The Adelaide property market is expected to see gradual improvements this year as buyer activity picks up.
Buying activity in the Adelaide property market may have dropped over the past year, but Century 21 South Australia state manager Michael Coxon notes that lower interest rates and warmer weather are now combining to boost buyer interest.
“In 2010 we had approximately 26,000 property transactions across Adelaide,” he says. “And for 2011 we’re online to achieve around 21,000 property transactions.”
“But what we’ve found in the Adelaide market is that, whilst activity has been fairly stable over the last couple of months, we have noticed about a 20% increase in the numbers attending our open inspections.”
What’s fuelling the resurgence in buyer interest, he believes, is the combination of continued low unemployment in South Australia (5.3% at last count by the ABS) and a pent up demand for housing.
“According to the Real Estate Institute of South Australia, Adelaide in particular has a pent up demand for approximately another 20,000 dwellings. And so if we manage to have any further interest rate drops or reductions over the next 12 months, we expect that that will translate into more demand for housing,” says Coxon.
“Our population has increased, but the number of transactions has decreased,” he adds in explanation of the pent up demand situation. “Provided the planets are aligned, people will come back into the property market and pick up those bargains that are to be had.”
That’s not to say that there are bargain basement properties on offer across the board, says Raine & Horne South Australia CEO Kevin Magee, but he notes that vendors are starting to meet the market’s price expectations, “which has resulted in a limited release of property which is well-priced to sell.”
“In addition, buyers with pre-approved finance are gaining an advantage over other buyers in the current market,” he adds.
Upgraders lead the charge
Coxon notes that it’s upgraders, in particular, who have been making the most of the current favourable buying conditions – with highly competitive three-year fixed rate mortgages proving to be popular amongst this segment of the market.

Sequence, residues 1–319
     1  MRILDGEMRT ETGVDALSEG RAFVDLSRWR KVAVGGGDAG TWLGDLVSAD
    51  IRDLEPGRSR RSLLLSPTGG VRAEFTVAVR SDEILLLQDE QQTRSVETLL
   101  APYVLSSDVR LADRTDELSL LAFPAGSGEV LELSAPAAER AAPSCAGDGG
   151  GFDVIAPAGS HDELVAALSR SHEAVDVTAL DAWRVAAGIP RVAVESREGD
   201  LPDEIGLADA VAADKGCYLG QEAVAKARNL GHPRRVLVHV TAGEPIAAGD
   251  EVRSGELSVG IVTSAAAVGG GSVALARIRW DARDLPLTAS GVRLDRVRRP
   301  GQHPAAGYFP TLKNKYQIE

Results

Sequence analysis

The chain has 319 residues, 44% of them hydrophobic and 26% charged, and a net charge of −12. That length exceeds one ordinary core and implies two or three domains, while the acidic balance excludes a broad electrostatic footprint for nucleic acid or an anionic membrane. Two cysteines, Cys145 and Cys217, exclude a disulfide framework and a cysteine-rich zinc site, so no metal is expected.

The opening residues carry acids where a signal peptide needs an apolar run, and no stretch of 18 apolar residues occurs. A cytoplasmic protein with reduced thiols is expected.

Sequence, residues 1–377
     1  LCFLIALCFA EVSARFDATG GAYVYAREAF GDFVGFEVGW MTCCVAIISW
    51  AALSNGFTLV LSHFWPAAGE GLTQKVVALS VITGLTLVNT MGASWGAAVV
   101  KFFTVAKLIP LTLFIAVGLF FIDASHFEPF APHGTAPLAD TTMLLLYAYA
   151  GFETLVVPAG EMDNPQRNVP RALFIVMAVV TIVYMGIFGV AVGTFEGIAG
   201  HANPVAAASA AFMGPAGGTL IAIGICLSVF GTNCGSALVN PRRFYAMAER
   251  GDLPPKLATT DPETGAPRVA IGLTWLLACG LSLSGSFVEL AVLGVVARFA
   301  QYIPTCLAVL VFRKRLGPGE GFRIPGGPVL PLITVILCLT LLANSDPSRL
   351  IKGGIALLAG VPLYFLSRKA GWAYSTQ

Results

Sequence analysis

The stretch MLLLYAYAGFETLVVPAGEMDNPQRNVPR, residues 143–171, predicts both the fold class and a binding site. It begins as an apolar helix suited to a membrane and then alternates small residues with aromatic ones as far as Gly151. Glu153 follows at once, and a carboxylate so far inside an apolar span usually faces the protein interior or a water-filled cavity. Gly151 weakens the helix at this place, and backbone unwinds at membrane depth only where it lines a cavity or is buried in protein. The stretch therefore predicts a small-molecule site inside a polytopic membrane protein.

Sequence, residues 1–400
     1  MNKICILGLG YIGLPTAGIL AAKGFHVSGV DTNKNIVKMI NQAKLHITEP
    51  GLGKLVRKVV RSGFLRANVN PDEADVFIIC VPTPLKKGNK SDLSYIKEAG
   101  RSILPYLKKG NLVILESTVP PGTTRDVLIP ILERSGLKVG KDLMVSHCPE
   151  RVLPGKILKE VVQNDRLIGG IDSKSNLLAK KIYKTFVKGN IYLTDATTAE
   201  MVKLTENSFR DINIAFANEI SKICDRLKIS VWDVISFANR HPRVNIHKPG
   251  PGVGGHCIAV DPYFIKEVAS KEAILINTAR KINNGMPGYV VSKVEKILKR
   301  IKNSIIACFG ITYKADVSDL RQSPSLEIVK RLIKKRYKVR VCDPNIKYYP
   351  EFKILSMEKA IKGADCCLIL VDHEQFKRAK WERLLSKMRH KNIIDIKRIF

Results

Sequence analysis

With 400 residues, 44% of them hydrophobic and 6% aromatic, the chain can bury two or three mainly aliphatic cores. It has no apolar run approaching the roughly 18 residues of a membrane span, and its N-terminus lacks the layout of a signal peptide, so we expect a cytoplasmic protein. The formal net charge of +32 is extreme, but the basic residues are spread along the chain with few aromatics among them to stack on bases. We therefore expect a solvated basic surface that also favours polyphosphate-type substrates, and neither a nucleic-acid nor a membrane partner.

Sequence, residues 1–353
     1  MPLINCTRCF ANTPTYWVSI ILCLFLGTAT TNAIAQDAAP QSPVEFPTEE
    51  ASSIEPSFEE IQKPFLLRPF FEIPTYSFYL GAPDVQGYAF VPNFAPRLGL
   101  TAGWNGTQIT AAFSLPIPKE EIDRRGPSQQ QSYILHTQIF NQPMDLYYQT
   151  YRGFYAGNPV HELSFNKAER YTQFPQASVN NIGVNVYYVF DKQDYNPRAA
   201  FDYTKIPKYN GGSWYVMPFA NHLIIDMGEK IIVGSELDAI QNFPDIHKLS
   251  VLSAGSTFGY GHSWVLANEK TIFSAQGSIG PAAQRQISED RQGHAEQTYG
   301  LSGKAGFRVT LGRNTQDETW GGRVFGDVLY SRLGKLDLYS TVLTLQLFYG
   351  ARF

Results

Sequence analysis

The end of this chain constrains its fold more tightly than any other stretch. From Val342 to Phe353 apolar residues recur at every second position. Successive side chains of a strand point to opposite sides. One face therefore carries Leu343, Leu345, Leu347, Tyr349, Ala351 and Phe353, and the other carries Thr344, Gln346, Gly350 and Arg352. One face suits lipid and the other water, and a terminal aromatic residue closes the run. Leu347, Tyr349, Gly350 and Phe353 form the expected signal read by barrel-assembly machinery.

“Upgraders and investors are starting to come back into the marketplace,” he says. “However, we are seeing demand picking up in other sectors of the market.”
In terms of the areas that investors are targeting, he nominates the new Playford Alive development – 30km north of Adelaide and 8km from Gawler – as one market that’s really starting to create a buzz.
What’s attracting investors here, he says, is the depreciation tax benefits that are associated with new builds, and the fact that build costs have remained “relatively stable” over the past six months while rents have been on the up.
Indeed, it’s the city’s tight rental market that’s expected to draw in investors this year, as they look to buy for yields and hold for growth.
“The rental market has seen vacancy rates fall to under 2%, and so what we’ve found is that our rental portfolios have increased and the demand for rental properties has increased,” says Coxon.
WBP Property Group South Australia state manager Bart Quinn adds that while he expects capital growth in the city to remain flat compared with the last couple of years, “the local rental market will gain strength and attract investors back to the marketplace.”
Still waiting for the Olympic Dam effect
Outside of Adelaide, the excitement surrounding the $30bn Olympic Dam mine expansion becomes ever more palpable with each new development.
The bill supporting indenture agreement between the South Australian government and mine owner BHP Billiton passed through the state government’s lower house in November and, at the time of writing, was awaiting approval in the upper house.
Coxon, however, warns investors not to get ahead of themselves.
“Whilst there have been a number of projects that have been signalled to come online, until they actually do translate into activity and the increase of employment, we won’t see a pickup yet,” he says.
That said, he does ultimately expect a “significant demand” for properties in northern regional areas of South Australia as a result of the mine expansion.
“We expect that we’ll see demand increase in areas like Port Augusta, Whyalla, and to a lesser degree Port Pirie and possibly even Port Lincoln; those areas are within striking distance where people may fly in and fly out to those locations,” says Coxon, adding that these areas currently offer exceptional value for money.
And when it comes to the effect that the Olympic Dam expansion will have on the Adelaide market, he believes that it may take some time for demand to filter through and generate capital growth.
“I probably would be expecting that, but it would be more of a long-term effect,” he says.
“I would be certainly anticipating that we remain pretty cautious about where the market is heading, but we anticipate that next year will see a gradual improvement in the market,” he adds.
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